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Swing Fall Hazards and How to Prevent Them

Swing Fall Hazards and How to Prevent Them

Swing falls are not as fun as they might sound at first. In fact, in all seriousness, swing falls can be extremely dangerous. Unfortunately, many people, when working at heights, fail to take swing into consideration. So, just what is swing? Swing is what occurs when you are wearing a Personal Fall Arrest System (PFAS – harness, lanyard, anchorage point) that is not anchored directly overhead. If a fall should occur, you would swing, like a pendulum, back toward the anchor point. In the process, you could strike – with great force – the structure you are working on or another nearby structure.

Three Secrets to Safety Management

Three Secrets to Safety Management

How can you take your safety management beyond simply reciting the rules and hoping people will comply?

Did You Miss a Great Safety Article in 2014?

Did You Miss a Great Safety Article in 2014?

Happy New Year! The beginning of the new year is a great time to reflect on the year gone by. This year we published a ton of great articles to help raise awareness of safety issues in the workplace. In case you missed some of them, below is a categorized list our safety articles from 2014.

How to Work on a Roof Without Fall Protection

How to Work on a Roof Without Fall Protection

Figuring out how to work on a roof without fall protection is easier than you think. Simply consider the task you are performing – whether that be maintenance, construction, or really anything else – assess the hazards, divide by the number of workers and factor in the use of personal protective equipment (adjusted for recent revisions to written policy) and you will find that without fail, every single time, you come to the same answer for how to work on a roof without fall protection: You don’t.

The Value of Safety [Infographic]

The Value of Safety [Infographic]

What value do you place on safety?

Complacency: Safety’s Worst Enemy

Complacency: Safety’s Worst Enemy

Safety has many enemies - budget, schedule, regulatory ignorance, and leadership indifference, to name a few – so maybe saying complacency is its worst enemy is a bit of hyperbole. Then again, maybe it’s not. Each of the examples I mentioned is lacking one key ingredient that sets complacency apart from the rest: a false sense of security. When money, time, or enforcement becomes an obstacle to safety, the workforce will usually know this. If they continue to do their job, it is probably with added measures of precaution. And, while heightened awareness alone does not make for satisfactory protection, it is better than nothing.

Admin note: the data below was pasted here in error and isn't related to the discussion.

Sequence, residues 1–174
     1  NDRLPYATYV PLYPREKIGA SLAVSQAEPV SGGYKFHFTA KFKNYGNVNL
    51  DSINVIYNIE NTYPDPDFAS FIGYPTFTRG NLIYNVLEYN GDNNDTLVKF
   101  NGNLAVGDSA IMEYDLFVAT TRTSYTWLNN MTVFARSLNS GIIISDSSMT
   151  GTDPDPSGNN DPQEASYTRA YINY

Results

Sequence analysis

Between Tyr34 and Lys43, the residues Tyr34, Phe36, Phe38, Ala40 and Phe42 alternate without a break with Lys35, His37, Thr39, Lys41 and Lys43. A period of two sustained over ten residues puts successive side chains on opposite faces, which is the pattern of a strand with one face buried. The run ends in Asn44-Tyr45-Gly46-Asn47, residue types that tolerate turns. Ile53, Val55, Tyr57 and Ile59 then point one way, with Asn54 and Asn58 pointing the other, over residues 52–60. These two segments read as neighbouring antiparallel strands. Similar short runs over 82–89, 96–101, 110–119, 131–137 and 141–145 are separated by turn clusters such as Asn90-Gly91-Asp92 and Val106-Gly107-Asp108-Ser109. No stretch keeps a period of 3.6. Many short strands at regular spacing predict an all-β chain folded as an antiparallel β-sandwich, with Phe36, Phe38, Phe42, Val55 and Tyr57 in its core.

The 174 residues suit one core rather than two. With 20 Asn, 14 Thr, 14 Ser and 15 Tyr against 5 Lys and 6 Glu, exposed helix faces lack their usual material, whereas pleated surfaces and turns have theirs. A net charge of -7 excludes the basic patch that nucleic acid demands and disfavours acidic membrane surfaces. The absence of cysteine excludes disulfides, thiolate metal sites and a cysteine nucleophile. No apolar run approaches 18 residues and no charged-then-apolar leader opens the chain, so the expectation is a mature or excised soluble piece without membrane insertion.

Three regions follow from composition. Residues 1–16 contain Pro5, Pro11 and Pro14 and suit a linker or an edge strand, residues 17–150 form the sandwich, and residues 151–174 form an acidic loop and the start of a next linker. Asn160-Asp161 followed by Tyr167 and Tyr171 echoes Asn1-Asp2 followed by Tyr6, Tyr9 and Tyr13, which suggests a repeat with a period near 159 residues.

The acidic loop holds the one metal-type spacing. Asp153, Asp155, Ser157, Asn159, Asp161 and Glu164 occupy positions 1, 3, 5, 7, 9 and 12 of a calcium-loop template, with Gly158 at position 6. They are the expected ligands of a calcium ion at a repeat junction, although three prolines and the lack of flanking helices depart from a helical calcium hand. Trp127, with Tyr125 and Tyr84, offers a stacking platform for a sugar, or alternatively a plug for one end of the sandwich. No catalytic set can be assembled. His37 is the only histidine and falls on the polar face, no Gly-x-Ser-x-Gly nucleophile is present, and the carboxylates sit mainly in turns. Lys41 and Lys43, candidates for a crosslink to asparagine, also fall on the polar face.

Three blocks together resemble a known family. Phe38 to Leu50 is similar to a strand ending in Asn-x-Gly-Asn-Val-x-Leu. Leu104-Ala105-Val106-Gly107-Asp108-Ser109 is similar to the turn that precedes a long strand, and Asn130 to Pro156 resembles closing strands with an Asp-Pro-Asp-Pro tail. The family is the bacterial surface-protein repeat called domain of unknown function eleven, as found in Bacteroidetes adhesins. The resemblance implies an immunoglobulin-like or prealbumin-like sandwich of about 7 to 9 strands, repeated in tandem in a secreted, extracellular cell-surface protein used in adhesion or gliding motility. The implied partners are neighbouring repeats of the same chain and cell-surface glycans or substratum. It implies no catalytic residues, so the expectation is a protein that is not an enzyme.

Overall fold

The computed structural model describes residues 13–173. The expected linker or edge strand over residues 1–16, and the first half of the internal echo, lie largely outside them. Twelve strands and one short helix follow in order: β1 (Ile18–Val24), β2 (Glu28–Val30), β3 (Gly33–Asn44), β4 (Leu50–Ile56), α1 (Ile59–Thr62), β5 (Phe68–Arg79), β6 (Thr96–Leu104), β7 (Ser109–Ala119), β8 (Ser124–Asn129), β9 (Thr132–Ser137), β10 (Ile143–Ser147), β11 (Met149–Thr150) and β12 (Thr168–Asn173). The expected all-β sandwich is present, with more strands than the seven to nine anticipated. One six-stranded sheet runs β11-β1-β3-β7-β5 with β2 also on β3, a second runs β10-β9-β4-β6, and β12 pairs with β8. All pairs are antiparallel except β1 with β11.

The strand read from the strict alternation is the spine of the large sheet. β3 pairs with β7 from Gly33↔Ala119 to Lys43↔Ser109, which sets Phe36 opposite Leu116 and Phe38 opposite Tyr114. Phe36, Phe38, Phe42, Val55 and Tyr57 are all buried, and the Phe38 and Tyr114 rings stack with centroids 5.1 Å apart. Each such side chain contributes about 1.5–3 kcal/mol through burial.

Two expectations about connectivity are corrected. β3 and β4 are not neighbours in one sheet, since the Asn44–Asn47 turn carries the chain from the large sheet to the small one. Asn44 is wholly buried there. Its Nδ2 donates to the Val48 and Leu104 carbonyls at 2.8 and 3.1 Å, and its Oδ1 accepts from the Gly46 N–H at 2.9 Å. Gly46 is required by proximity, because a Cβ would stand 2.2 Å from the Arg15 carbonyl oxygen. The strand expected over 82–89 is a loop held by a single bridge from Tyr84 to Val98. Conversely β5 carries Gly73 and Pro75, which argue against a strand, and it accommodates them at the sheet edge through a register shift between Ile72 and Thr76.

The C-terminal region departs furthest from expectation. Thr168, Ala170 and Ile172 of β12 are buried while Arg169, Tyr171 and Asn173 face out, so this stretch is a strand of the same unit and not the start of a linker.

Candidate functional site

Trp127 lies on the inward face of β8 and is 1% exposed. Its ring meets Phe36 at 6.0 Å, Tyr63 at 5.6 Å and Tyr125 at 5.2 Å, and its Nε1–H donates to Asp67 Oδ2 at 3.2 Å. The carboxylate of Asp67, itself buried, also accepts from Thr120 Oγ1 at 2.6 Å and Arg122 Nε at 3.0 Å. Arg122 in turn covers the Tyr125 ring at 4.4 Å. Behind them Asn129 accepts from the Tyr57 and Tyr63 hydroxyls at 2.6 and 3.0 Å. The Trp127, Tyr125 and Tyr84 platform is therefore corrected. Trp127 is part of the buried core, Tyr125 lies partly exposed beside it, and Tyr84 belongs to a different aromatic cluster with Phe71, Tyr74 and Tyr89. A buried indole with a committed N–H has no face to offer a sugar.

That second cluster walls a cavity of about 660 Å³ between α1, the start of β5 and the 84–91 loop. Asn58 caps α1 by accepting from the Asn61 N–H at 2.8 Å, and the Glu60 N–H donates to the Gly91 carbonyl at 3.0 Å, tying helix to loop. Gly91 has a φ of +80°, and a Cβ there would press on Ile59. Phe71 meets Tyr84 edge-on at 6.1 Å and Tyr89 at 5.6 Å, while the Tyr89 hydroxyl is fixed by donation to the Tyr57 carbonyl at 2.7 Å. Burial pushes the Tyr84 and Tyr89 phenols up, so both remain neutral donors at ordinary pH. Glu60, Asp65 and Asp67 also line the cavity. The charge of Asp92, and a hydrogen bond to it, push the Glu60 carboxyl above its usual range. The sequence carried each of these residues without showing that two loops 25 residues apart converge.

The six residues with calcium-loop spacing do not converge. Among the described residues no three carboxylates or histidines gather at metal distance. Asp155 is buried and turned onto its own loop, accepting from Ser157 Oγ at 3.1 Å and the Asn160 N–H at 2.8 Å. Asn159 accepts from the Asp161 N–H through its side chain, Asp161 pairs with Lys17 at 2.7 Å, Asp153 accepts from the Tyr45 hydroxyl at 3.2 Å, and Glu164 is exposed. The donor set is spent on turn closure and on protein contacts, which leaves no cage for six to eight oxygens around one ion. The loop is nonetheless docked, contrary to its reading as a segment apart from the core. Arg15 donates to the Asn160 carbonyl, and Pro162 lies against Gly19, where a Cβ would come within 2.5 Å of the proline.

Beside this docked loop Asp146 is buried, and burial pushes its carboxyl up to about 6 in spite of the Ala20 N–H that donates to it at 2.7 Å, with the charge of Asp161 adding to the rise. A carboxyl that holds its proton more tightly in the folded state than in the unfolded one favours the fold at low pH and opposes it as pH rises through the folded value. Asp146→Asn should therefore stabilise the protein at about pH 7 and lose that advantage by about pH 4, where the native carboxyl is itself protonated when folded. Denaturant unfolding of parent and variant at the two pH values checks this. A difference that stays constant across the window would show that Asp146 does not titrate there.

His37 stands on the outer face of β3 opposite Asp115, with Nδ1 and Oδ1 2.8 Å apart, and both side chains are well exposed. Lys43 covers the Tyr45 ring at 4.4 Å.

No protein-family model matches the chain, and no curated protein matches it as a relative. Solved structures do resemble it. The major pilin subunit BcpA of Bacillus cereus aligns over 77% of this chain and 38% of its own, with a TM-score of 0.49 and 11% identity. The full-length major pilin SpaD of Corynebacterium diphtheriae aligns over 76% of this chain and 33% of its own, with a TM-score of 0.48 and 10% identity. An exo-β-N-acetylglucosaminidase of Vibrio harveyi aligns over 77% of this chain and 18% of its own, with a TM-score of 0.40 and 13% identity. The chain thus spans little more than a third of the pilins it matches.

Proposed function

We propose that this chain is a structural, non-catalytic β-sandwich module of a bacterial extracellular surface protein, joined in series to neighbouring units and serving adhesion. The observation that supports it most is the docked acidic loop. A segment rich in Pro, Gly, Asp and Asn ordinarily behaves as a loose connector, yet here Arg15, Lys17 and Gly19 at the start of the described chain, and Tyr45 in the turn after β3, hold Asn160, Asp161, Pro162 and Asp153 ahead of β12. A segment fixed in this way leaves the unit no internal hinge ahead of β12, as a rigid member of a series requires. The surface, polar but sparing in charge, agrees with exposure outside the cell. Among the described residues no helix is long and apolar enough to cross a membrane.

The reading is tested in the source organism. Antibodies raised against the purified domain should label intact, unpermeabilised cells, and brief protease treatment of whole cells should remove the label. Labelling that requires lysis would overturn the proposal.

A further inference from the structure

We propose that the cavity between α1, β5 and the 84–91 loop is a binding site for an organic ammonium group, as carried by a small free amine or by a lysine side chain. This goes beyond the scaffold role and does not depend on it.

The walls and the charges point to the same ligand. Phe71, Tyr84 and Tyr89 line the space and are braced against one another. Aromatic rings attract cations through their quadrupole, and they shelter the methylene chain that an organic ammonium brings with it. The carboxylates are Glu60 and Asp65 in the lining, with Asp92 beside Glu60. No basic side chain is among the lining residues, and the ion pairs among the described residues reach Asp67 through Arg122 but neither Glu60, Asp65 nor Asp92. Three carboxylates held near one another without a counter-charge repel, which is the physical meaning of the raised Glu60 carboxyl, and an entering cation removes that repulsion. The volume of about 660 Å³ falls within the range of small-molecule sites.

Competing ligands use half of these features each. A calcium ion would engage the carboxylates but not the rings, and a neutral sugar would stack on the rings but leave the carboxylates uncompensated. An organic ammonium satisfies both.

Positioning Devices: How Do They Differ from Personal Fall Arrest?

Positioning Devices: How Do They Differ from Personal Fall Arrest?

When considering fall protection solutions, people often consider Personal Fall Arrest Systems and rails as the only two options available. In some cases, that might be true, but in other cases it puts an undue burden on the person trying to come up with the solution by eliminating other safe, compliant options. In some cases, a Positioning Device System may be one of those options.

Five Unexpected Places Safety Railings Are Needed

Five Unexpected Places Safety Railings Are Needed

The following are five examples of places where this might occur.

It Won’t Happen to Me!

It Won’t Happen to Me!

This is an attitude most workers seem to have. And why not? No one goes to work, thinking, "I am going to get hurt today." Although it seems somewhat pessimistic, workers should be thinking "I could get hurt today, so I will take every precaution to prevent it." My husband, Russ, had the attitude "It won't happen to me". He woke up on the morning of November 8th, 1995, kissed me goodbye, looked in on Spencer, our two-year-old, and left for his job as a commercial painter. As soon as they got their spider unit (scaffolding) set up, management called everyone in for a safety meeting. This was considered nothing but an annoyance to Russ, but he signed the clipboard, and was just glad to come in out of the rain. He doesn't remember, to this day, what that meeting was about.

The Myth of the 5000 lb. Anchor Point

The Myth of the 5000 lb. Anchor Point

Anchor point selection can be difficult. For many safety professionals, it is a black and white area that offers no gray option in between. The rule says the anchor point must have the ability to support 5000 lbs. per person attached or it’s no good, right? Maybe not. Perhaps the reason that this belief is so widespread is that it’s the simplest way to enforce the rule. 5000 lbs., yes or no? Most people relying on safety personnel to interpret the OSHA standards will think it sounds plausible enough and find ways to be compliant. The catch is, though, that this is not exactly what the standard says. In fact, by following this cut-and-dried rule, you may be eliminating perfectly good anchor points in a situation where it’s already difficult to achieve proper fall protection.

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